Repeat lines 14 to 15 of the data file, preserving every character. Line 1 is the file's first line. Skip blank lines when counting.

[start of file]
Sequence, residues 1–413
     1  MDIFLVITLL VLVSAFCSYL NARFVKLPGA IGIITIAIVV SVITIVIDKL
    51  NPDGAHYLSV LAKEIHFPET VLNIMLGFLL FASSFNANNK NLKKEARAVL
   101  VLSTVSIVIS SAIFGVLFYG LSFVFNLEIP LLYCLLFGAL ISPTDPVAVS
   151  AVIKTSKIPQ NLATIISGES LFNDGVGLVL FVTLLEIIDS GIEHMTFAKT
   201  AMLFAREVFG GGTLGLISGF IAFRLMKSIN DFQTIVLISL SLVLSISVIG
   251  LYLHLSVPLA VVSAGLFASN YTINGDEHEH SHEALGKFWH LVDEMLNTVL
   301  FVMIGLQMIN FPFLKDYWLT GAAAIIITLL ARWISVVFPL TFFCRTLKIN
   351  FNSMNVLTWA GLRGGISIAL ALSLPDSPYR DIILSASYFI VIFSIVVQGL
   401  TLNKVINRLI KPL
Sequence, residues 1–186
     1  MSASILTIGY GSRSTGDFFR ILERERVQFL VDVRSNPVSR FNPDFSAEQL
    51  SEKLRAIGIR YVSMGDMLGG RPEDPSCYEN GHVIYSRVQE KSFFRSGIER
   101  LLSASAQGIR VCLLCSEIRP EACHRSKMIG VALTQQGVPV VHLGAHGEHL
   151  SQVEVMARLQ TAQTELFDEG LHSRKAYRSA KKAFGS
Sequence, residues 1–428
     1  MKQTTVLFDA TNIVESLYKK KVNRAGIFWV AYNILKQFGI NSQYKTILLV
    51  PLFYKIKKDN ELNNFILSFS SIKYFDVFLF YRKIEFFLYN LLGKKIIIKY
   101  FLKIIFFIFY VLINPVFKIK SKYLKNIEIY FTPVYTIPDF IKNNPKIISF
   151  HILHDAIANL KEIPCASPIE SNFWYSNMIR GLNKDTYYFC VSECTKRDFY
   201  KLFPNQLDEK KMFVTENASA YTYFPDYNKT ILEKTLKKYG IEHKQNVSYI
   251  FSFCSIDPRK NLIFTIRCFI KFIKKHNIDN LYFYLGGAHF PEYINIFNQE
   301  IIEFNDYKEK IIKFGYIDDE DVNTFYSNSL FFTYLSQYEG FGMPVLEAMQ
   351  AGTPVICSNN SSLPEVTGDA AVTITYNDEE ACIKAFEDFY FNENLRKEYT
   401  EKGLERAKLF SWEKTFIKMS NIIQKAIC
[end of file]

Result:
   101  LLSASAQGIR VCLLCSEIRP EACHRSKMIG VALTQQGVPV VHLGAHGEHL
   151  SQVEVMARLQ TAQTELFDEG LHSRKAYRSA KKAFGS